The expensive buy comes weeks after two of Waguespack’s intra-party foes, Treasurer John Schroder and Attorney General Jeff Landry, began running ads of their own. The development is notable, given that Louisiana’s campaign season historically gets off to a late start. In fact, LaPolitics’ Jeremy Alford writes that it’s “unique” to see multiple gubernatorial candidates or their allies on the air this early. Alford says that a single candidate in past cycles has sometimes debuted ads months before their rivals, but races for governor typically don’t get fully engaged until “late summer or around Labor Day”—something that’s very much not happening this time around.

TEXAS U.S. SENATOR. Sen. Ted Cruz (R-TX) confused his potential 2024 challenger, Rep. Colin Allred (D-TX), with another black man: Manhattan District Attorney Alvin Bragg.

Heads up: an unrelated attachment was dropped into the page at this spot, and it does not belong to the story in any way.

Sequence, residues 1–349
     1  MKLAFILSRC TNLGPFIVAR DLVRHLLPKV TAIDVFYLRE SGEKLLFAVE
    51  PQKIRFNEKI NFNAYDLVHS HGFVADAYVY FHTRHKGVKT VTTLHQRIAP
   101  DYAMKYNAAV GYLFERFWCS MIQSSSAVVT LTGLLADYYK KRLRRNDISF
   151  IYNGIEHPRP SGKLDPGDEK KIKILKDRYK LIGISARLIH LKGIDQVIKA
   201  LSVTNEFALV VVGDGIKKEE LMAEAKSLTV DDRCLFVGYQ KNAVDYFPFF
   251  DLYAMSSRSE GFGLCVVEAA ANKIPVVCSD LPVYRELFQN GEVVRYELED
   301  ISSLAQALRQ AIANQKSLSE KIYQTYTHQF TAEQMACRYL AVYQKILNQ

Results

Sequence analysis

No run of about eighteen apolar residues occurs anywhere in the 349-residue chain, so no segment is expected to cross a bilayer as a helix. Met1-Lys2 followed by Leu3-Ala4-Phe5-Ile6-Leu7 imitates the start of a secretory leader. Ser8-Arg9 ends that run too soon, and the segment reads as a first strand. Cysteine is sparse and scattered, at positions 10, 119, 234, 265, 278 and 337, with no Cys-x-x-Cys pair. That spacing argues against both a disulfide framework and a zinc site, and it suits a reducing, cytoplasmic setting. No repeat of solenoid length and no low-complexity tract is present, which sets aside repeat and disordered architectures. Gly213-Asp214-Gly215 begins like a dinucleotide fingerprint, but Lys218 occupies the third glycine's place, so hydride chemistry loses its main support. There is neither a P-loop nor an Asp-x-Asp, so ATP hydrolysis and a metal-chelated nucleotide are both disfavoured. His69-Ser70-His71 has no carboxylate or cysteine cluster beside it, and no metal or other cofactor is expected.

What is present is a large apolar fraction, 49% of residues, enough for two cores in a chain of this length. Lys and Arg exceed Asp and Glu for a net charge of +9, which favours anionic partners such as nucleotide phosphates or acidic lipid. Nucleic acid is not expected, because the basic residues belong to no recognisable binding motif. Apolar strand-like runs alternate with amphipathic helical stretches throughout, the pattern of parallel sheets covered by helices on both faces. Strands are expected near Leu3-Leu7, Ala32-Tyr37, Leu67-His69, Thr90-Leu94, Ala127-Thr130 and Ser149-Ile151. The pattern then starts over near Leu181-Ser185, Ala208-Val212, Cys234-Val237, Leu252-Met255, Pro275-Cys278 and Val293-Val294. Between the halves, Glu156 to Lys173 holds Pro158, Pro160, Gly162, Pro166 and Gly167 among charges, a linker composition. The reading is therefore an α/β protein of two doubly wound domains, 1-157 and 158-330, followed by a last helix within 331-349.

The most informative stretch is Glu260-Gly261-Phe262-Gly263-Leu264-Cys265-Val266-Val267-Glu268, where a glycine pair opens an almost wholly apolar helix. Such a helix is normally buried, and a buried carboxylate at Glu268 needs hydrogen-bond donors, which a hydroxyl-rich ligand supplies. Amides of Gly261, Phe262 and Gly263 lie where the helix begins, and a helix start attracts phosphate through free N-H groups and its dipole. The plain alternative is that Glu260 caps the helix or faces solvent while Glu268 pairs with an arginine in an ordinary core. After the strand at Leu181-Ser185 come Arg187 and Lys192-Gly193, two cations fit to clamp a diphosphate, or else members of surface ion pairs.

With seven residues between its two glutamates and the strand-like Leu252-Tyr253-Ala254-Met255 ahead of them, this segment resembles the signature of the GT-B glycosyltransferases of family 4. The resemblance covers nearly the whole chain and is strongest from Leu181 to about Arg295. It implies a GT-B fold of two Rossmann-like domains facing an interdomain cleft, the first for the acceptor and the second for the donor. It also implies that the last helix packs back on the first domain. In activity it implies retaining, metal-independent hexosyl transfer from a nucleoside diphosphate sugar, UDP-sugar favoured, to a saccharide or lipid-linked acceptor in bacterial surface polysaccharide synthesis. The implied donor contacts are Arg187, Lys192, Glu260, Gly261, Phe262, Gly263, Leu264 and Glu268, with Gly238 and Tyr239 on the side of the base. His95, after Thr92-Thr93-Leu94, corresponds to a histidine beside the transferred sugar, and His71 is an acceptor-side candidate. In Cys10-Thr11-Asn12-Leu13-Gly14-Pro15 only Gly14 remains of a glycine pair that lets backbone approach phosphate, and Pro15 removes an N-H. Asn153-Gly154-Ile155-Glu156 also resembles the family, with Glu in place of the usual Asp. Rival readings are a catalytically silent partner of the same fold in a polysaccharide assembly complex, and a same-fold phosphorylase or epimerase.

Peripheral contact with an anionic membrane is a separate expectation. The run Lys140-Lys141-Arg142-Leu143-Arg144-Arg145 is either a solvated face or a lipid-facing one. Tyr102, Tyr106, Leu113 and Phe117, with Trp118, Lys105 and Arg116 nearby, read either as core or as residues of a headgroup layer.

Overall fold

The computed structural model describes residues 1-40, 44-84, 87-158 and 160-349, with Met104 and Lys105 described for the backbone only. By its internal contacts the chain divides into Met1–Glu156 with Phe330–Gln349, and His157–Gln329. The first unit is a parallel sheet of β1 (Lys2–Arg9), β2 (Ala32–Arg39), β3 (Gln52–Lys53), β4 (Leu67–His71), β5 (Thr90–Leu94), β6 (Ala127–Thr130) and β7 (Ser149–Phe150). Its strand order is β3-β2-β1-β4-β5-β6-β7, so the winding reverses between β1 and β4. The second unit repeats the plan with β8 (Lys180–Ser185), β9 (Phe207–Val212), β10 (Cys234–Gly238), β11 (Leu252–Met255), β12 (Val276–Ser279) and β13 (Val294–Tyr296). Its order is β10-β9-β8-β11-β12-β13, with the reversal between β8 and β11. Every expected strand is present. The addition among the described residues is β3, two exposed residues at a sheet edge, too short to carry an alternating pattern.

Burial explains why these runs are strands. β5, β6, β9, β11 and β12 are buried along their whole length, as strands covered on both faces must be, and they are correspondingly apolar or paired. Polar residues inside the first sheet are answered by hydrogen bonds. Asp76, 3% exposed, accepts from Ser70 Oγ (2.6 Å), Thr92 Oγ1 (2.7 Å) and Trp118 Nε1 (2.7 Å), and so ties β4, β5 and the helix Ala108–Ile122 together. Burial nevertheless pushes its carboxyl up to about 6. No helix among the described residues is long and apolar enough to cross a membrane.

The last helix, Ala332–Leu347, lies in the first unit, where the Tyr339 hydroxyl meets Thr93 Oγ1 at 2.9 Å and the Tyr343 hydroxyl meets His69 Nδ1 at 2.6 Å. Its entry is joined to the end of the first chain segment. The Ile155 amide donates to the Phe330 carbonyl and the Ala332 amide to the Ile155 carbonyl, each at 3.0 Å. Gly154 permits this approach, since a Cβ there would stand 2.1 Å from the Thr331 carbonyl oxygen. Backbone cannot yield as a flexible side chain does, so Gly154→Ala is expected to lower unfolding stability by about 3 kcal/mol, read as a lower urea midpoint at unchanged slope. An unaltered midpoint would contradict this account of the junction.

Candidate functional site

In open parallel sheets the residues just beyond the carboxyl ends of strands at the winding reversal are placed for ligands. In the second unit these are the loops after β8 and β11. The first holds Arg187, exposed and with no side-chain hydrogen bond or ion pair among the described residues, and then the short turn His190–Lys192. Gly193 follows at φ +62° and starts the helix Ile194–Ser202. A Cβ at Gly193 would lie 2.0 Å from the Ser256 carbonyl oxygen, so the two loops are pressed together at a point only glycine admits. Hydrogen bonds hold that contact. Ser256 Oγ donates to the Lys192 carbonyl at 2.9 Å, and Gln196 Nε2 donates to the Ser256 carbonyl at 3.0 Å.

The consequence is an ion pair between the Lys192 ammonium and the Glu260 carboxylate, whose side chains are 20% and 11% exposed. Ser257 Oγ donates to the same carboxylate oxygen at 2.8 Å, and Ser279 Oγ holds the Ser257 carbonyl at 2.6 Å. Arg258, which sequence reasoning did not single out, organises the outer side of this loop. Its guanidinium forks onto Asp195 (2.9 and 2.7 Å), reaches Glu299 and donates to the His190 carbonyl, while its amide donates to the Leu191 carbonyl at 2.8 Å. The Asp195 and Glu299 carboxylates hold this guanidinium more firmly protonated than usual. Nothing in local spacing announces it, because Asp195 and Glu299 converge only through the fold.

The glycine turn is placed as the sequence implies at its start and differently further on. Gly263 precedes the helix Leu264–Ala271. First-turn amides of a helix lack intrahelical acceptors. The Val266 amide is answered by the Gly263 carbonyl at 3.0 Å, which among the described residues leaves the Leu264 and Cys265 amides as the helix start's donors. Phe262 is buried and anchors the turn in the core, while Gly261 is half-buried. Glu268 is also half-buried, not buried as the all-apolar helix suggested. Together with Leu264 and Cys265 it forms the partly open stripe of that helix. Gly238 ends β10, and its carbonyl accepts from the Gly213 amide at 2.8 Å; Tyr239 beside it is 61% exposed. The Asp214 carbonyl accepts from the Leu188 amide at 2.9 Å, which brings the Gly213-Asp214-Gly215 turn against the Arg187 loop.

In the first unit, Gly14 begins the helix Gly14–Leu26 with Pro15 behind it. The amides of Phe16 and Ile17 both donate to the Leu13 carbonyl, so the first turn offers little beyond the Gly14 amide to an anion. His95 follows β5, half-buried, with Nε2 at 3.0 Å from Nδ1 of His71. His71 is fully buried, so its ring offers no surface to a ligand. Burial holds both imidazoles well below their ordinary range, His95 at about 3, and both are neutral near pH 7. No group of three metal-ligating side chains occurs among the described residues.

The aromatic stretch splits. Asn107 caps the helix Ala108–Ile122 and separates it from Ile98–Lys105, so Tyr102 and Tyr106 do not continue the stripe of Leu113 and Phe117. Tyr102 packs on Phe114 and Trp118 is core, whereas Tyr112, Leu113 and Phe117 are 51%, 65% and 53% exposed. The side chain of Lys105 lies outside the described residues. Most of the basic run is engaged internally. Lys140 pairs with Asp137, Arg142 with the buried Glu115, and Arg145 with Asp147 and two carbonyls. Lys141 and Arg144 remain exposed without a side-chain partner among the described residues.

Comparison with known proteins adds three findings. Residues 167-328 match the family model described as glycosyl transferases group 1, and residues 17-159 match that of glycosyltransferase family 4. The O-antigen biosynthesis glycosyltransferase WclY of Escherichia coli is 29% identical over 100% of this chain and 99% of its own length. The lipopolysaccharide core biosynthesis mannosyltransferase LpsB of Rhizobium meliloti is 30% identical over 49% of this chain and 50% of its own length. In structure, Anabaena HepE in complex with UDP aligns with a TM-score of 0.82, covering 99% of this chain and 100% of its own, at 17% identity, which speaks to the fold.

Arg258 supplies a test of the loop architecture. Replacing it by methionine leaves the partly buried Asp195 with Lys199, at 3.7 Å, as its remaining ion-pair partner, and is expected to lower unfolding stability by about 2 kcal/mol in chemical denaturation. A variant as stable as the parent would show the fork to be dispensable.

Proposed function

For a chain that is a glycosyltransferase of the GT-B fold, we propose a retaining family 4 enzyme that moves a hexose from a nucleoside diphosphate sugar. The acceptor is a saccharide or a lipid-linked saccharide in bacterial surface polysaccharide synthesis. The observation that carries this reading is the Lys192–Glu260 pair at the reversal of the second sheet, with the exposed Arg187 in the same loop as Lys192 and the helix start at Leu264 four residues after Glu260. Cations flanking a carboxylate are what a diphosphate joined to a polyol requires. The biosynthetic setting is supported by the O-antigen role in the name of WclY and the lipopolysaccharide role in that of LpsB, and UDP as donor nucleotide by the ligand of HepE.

“I took off my jacket and got ready to take on anyone who came through that door. Ted Cruz? He cheered on the mob… then hid in the supply closet.”— Rep. Colin Allred (D-TX), referencing the Capitol riots in his Senate campaign announcement.

MARYLAND 6TH DISTRICT. Democratic Del. Joe Vogel confirmed his interest in running to succeed Rep. David Trone hours before the incumbent launched his Senate bid, and Vogel set up an FEC committee on Thursday. Vogel, who is 26, would be one of the youngest members of Congress.